One of the world’s most controversial political figures had an unlikely brush with reality on Friday, with Tony Blair subjected to a humiliating citizen’s arrest attempt by a DJ working as a barman at trendy London eaterie the Tramshed.
It appears Blair was caught off-guard during an intimate meal with family and friends. The former Prime Minister has been haunted for almost a decade by the legacy of what many term an illegal war which saw up to a million Iraqis die and the country left ravaged by rival militia groups.
While Blair is used to facing protests wherever he goes, from high level conferences to book signings, he has never been ambushed in a social setting – until now.
The restaurant, owned by Mark Hix and situated in Shoreditch, London, serves just two main courses – chicken and steak. Complete with Damien Hirst artworks and hipster clientele, it could not be more removed from Tony Blair’s past experiences of state banquets.
DJ and aspiring producer Twiggy Garcia told Vice he had fantasised for years about ‘arresting’ Blair. He couldn’t believe his luck when he discovered he was in the very restaurant he was working. It was not a plan, he claimed on Monday but “something I have wanted to do for a few years. I had been waiting for the opportunity after seeing the website arrestblair.org and it just so happened that we were in the same place at the same time.”
Mr Garcia recalls his “heart rate increased” when he discovered Blair’s “eerie presence” was in the building. He feared Blair’s security detail might have overheard him saying “should I citizen’s arrest him?”
His motivation? “I believe Blair is responsible for the mass murder of Iraqi civilians after taking our country into an illegal war.”
Mr Garcia recalls how he made his move. “He was sitting at the head of a table upstairs in the restaurant with about eight other people eating dinner. I think he was out with his family and a few friends.” He added: “I went over to him, put my hand on his shoulder and said: “Mr Blair, this is a citizen's arrest for a crime against peace, namely your decision to launch an unprovoked war against Iraq. I am inviting you to accompany me to a police station to answer the charge.”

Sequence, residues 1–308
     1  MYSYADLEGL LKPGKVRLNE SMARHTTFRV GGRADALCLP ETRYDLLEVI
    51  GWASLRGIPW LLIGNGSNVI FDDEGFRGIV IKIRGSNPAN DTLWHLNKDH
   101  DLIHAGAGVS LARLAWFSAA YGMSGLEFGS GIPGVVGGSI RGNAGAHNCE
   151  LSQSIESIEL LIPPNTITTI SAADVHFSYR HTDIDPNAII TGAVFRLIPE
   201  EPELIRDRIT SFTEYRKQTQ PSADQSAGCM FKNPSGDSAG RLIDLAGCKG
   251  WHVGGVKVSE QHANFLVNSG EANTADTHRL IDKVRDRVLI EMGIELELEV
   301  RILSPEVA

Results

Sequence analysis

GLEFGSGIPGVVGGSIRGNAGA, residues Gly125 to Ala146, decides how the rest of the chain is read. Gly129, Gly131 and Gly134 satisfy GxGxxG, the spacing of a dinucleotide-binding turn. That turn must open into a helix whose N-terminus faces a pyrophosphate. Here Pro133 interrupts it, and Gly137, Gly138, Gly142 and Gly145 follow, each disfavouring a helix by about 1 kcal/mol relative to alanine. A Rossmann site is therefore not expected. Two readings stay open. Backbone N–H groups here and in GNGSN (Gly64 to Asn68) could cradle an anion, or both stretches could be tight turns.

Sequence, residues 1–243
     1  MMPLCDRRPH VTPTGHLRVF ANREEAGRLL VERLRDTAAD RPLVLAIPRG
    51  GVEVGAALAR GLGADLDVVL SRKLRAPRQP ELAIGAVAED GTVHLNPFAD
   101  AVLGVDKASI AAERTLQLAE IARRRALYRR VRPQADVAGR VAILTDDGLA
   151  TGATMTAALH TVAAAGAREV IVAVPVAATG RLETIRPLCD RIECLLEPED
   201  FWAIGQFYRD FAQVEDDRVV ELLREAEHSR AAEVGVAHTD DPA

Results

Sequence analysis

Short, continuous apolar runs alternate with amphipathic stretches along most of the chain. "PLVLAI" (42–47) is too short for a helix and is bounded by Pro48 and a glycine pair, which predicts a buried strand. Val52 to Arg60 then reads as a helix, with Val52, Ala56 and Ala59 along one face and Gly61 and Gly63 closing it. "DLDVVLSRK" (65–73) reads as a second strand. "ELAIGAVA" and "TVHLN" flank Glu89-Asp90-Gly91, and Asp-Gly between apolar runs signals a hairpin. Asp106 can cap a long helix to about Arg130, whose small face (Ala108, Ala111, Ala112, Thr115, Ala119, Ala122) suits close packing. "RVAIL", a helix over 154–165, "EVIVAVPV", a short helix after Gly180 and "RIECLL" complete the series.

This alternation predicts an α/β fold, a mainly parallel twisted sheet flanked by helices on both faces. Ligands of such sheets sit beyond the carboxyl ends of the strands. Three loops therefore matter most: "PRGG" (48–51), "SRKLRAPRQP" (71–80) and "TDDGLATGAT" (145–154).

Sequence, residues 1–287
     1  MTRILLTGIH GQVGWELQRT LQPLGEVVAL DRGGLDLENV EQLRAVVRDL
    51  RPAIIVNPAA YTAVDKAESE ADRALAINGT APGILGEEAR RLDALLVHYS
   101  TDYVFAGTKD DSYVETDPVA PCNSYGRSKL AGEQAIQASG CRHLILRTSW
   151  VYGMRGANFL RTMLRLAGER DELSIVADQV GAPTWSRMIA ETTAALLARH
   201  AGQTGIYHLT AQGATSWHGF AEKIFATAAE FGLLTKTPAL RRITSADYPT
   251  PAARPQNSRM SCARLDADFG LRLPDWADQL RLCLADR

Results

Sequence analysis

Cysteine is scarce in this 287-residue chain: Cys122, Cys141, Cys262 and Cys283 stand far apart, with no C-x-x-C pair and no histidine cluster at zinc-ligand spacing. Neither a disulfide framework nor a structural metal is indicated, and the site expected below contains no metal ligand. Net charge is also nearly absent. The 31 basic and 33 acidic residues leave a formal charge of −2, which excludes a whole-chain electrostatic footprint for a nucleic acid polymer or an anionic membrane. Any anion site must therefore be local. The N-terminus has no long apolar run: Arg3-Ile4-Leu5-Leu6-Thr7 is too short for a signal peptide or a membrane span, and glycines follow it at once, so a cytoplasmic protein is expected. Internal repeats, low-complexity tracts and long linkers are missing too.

By all accounts, Blair turned on a typical ‘Teflon Tony’ performance, trying to engage the barman in a civilised debate over Syria. Mr Garcia says how the former Prime Minister “kept changing the subject and talking about Syria” and told him: “I think you should be more concerned about Syria, to be honest.” Mr Garcia was not impressed. “I didn’t expect him to start debating with me. I think he actually believed the lies that were coming out of his mouth.”
But the barman’s time was running out. “One of his sons got up and went to get the plain clothes security from downstairs. I decided to get out of there sharpish...I quit my job there and then.”
Speaking yesterday, Mr Garcia admitted: “I’m still in disbelief I got the opportunity to citizen’s arrest the former Prime Minister.”
Perhaps unsurprisingly, Blair’s office tried to brush it off. In a statement, a spokesman for the former Prime Minister told The Independent: “There is nothing to report here apart from fact that Mr Blair did offer to discuss the issue – that offer was declined and the individual walked off. Nothing else happened. Everyone is fine and they had a great time at the restaurant.”
Mr Garcia is the fifth person to have tried to bring the former Prime Minister to justice, at the prompting of the arrestblair.org website. He’s unlikely to be the last and was unrepentant on Monday night.
“I hope that it will keep people from forgetting that he is a war criminal. I hope one day he faces his charges in The Hague. People seem to think that those laws only apply to Nazis and African warlords.”
Arrestblair.org offers a bounty for those who arrest Tony Blair (or at least to get arrest attempts publicised). George Monbiot, who runs the site, told The Independent that Mr Garcia had submitted a claim for his share of the fund and they will review whether he will receive the £2150 over the next couple of days.